**Neural Network Tutorials - Herong's Tutorial Examples** - 1.20, by Dr. Herong Yang

Simple TensorFlow Model on MNIST Database

This section provides a tutorial example on how to build a TensorFlow model for the MNIST database. The model is about 92% accurate after training with 100,000 samples.

In the previous tutorial, we learned how to access the MNIST database and fetch sample 28x28 images of handwritten digits. In this tutorial, let's review a simple TensorFlow model on the MNIST database, provided by Seldon Technologies at https://docs.seldon.io/projects/seldon-core/en/v0.3.0/examples/deep_mnist.html

Here is their source code with my comments:

#- mnist_simple_model.py #- Source: https://www.geeksforgeeks.org/introduction-to-tensorflow/ #- Comments added # load MNIST database with the target label converted # to a one-hot vector like 3 -> [0,0,0,1,0,0,0,0,0,0] from tensorflow.examples.tutorials.mnist import input_data mnist = input_data.read_data_sets("MNIST_data/", one_hot = True) import tensorflow as tf # to run a the main script only if __name__ == '__main__': # placeholder for 784 (28x28 pixels) features of input images # can feed a batch of multiple images x = tf.placeholder(tf.float32, [None,784], name="x") # variable for weights, to be optimized W = tf.Variable(tf.zeros([784,10])) # variable for bias, to be optimized b = tf.Variable(tf.zeros([10])) # output function to generate predictions y = tf.nn.softmax(tf.matmul(x,W) + b, name="y") # placeholder for expected targets y_ = tf.placeholder(tf.float32, [None, 10]) # cost function cross_entropy = tf.reduce_mean(-tf.reduce_sum(y_ * tf.log(y), reduction_indices=[1])) # optimize operation train_step = tf.train.GradientDescentOptimizer(0.5).minimize(cross_entropy) # initialize operation for all variables: weights W and bias b init = tf.initialize_all_variables() # creates a TensorFlow session sess = tf.Session() # run the initialization operation for weights W and bias b sess.run(init) # loop 1000 batches for i in range(1000): # fetch 100 samples in a batch batch_xs, batch_ys = mnist.train.next_batch(100) # run optimize operation once with the batch sess.run(train_step, feed_dict={x: batch_xs, y_: batch_ys}) # operation to compare predictions with targets of the batch correct_prediction = tf.equal(tf.argmax(y,1), tf.argmax(y_,1)) # operation to calculate accuracy: success / total accuracy = tf.reduce_mean(tf.cast(correct_prediction, tf.float32)) # calculate and print accuracy print(sess.run(accuracy, feed_dict = {x: mnist.test.images, y_:mnist.test.labels})) # save the trained model saver = tf.train.Saver() saver.save(sess, "model/deep_mnist_model")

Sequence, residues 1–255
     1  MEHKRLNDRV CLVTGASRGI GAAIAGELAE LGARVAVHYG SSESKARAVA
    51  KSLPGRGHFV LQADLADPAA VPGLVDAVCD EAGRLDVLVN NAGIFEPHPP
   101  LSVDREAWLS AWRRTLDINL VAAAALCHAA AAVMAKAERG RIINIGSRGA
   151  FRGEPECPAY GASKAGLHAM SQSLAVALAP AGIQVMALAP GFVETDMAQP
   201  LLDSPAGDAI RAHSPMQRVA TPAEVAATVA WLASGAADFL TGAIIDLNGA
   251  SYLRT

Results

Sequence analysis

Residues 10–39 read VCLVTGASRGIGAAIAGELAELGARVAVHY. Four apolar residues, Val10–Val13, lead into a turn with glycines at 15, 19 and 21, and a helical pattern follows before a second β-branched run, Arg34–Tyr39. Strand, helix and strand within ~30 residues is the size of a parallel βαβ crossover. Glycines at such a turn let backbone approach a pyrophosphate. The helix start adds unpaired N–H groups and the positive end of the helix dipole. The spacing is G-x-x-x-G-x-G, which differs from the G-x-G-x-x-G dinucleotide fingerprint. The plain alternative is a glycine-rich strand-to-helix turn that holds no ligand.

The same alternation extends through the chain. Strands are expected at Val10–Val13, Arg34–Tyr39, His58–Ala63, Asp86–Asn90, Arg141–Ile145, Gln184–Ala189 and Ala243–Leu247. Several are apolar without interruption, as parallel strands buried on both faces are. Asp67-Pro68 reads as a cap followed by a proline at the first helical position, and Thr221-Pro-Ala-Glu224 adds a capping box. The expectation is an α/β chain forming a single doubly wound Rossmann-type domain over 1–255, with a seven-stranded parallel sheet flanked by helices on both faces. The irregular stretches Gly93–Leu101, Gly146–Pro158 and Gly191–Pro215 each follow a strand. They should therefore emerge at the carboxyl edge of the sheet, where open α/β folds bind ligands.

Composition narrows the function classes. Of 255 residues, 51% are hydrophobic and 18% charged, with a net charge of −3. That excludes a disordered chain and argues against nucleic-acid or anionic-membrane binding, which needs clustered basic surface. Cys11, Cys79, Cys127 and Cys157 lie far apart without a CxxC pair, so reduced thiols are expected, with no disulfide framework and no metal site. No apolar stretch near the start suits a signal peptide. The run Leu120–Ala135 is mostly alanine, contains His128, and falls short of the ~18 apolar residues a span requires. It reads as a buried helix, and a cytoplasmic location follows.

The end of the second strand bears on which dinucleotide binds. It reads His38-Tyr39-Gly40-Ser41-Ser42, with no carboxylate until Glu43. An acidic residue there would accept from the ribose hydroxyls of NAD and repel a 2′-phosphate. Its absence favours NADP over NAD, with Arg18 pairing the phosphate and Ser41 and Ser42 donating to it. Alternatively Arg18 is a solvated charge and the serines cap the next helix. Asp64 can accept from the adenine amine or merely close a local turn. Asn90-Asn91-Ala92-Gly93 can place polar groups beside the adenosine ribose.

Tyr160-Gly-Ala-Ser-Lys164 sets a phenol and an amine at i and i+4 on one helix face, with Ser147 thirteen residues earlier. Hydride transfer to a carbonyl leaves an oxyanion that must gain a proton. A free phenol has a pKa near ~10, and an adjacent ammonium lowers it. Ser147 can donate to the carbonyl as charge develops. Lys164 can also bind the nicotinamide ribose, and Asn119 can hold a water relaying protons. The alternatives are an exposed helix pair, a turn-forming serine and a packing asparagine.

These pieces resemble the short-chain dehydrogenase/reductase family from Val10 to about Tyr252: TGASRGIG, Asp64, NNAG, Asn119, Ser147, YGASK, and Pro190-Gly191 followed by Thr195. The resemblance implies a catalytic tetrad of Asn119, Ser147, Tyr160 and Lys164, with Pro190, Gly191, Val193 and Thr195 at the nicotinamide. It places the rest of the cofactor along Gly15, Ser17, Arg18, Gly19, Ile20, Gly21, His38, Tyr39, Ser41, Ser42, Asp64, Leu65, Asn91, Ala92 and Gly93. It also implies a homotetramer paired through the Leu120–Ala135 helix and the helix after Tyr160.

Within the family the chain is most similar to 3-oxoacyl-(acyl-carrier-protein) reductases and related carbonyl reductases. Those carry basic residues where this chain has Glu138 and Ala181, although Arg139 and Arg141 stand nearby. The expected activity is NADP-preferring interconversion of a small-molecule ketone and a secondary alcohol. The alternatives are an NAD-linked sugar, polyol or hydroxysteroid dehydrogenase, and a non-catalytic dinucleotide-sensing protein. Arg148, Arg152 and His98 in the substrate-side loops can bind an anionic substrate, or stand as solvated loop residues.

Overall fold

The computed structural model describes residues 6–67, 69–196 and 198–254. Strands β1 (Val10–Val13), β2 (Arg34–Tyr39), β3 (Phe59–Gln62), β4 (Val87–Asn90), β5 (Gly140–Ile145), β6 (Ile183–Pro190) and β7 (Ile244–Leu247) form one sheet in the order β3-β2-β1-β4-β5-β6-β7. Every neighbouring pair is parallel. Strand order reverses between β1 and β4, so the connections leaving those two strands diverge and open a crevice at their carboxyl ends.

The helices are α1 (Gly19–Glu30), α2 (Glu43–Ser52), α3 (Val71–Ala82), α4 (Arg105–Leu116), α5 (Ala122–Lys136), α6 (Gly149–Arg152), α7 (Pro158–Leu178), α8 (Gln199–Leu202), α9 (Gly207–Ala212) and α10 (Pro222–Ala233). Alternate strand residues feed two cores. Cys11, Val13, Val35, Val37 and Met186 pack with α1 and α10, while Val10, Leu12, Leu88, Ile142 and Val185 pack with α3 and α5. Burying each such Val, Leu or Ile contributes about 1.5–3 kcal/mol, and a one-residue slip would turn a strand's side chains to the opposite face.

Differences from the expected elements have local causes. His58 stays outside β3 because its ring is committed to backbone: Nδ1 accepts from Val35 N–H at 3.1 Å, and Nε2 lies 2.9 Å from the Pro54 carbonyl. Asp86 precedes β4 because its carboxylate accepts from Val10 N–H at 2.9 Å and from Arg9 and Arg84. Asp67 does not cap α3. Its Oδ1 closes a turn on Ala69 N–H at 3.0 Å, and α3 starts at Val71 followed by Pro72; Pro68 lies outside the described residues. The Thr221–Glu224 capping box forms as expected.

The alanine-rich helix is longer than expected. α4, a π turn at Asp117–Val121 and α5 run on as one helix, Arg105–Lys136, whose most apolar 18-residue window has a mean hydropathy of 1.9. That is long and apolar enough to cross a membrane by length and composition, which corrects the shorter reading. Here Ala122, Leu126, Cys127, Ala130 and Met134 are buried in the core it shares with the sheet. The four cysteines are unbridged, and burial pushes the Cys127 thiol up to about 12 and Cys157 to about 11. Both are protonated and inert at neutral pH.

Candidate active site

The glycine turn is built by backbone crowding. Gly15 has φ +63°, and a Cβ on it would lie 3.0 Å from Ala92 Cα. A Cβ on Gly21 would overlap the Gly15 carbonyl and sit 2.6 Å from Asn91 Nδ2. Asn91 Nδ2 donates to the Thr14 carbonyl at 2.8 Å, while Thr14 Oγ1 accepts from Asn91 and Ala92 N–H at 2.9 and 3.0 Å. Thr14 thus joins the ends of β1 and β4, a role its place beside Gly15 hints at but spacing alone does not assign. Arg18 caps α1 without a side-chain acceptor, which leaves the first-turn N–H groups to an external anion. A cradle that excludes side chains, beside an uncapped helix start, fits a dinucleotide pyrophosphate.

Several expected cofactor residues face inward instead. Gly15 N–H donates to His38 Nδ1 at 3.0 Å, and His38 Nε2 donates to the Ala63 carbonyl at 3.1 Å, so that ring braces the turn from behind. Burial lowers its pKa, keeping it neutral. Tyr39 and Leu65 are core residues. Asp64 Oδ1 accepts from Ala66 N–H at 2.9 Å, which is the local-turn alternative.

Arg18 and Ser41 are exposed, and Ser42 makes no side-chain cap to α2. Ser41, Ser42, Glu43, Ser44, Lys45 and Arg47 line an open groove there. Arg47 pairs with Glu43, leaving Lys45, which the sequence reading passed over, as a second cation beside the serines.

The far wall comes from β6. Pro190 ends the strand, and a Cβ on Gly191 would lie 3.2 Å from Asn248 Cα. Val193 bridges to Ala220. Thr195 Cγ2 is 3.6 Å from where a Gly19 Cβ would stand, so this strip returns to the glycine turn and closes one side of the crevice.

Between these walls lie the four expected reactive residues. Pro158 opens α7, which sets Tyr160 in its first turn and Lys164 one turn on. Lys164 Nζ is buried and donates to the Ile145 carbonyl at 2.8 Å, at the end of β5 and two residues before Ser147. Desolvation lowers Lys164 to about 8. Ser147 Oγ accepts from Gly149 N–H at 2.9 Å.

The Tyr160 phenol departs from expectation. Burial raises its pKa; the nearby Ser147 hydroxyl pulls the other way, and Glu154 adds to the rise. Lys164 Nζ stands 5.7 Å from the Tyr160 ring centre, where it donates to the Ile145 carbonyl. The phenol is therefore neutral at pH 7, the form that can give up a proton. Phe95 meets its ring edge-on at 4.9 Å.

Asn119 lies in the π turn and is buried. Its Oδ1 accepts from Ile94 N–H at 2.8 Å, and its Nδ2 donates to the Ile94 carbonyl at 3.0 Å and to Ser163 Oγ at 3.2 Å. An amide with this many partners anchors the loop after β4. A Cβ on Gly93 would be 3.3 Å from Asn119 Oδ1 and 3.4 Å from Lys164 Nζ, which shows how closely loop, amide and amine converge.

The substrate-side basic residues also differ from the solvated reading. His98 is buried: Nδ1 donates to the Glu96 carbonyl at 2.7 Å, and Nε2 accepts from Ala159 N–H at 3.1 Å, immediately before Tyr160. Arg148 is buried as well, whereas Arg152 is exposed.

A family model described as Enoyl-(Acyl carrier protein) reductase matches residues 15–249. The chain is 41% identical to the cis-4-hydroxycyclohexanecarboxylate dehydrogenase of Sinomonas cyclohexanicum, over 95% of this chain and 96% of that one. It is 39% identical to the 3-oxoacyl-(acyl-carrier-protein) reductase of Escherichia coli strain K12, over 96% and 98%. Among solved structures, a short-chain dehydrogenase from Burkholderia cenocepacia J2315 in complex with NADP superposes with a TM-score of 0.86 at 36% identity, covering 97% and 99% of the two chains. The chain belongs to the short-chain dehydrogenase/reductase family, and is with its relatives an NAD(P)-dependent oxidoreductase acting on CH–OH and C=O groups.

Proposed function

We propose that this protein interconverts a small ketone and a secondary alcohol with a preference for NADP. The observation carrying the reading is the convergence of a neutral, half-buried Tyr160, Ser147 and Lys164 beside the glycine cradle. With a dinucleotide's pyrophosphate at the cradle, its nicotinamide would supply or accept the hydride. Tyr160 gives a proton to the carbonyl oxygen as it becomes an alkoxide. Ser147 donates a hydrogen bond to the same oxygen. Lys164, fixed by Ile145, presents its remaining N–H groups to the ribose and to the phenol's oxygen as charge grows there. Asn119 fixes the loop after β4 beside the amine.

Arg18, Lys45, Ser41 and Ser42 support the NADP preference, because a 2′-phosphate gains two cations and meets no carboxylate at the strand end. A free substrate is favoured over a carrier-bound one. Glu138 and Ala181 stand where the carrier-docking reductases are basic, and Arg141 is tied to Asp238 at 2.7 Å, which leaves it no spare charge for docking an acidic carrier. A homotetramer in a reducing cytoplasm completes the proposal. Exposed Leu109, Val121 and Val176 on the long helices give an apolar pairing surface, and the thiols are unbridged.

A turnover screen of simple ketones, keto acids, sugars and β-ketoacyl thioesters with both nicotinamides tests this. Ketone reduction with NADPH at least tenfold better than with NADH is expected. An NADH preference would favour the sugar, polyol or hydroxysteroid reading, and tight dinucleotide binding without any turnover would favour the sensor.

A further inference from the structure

If you run the above script, you should get something like:

herong$ python3 mnist_simple_model.py 0.9152 'model/deep_mnist_model'

Not too bad. After training with 100,000 (1000x100) samples, the model is about 91.52% accurate.

Table of Contents

Deep Playground for Classical Neural Networks

Building Neural Networks with Python

Simple Example of Neural Networks

►TensorFlow - Machine Learning Platform

"tensorflow" - TensorFlow Python Library

"tensorflow" Interactive Test Web Page

TensorFlow Session Class and run() Function

TensorFlow Variable Class and load() Function

Linear Regression with TensorFlow

tensorflow.examples.tutorials.mnist Module

►Simple TensorFlow Model on MNIST Database

Commonly Used TensorFlow Funcitons

PyTorch - Machine Learning Platform

CNN (Convolutional Neural Network)